The offices of Eley's Stafford Brewery Ltd. can be seen in the 1920's photograph
above. Located at The Green in
Stafford, the company occupied the buildings to the left - they are the
properties with pedimented doorways. The entrance to the brewery yard was a
little further on. Although the property in the foreground survived into the
21st century, the buildings occupied by the brewery were demolished in the
post-war years. Burgess' Ironmongers Shop, a store that specialised in domestic
appliances, once occupied the site but this was also demolished in 2002. The
landscape, as they say, is a palimpsest.
In the mid-19th century, The Green Brewery was operated by the brewer and
maltster John Bishop. The 1861 census records him as a maltster, hop merchant,
ale and porter merchant, employing 3 men, suggesting a modest but busy
operation. He lived on the premises with his first wife Elizabeth who hailed
John Bishop apparently put his feet up at an early age as in 1881 he was
recorded as a retired brewer living with his second wife Julia at nearby Rowley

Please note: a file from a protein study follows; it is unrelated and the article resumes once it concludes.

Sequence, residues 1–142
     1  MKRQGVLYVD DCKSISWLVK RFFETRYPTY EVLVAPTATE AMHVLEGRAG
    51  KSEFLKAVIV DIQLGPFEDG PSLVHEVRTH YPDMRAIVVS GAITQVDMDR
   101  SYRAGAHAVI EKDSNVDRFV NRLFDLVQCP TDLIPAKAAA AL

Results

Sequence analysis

Bank. He had formerly sold the brewery to Charles Eley in January of the
previous year, though it would appear that the two men had agreed terms in 1879.
The wine merchant Arthur Tatham was involved in the business later in the decade
and in September 1899 the firm was registered to acquire the businesses of Eley,
Tatham & Nesbitt and Humby & Baillie.
The company and its estate of tied houses was acquired by William Butler & Co.
Ltd. in 1928.
© Copyright. Images supplied by Digital Photographic Images.
If you have a genealogy story or query regarding this brewery you can
contact me and I will post it here in addition to including your message within the website pages for Staffordshire Genealogy.
“Fermentation may have been a greater discovery than fire.”
David Rains Wallace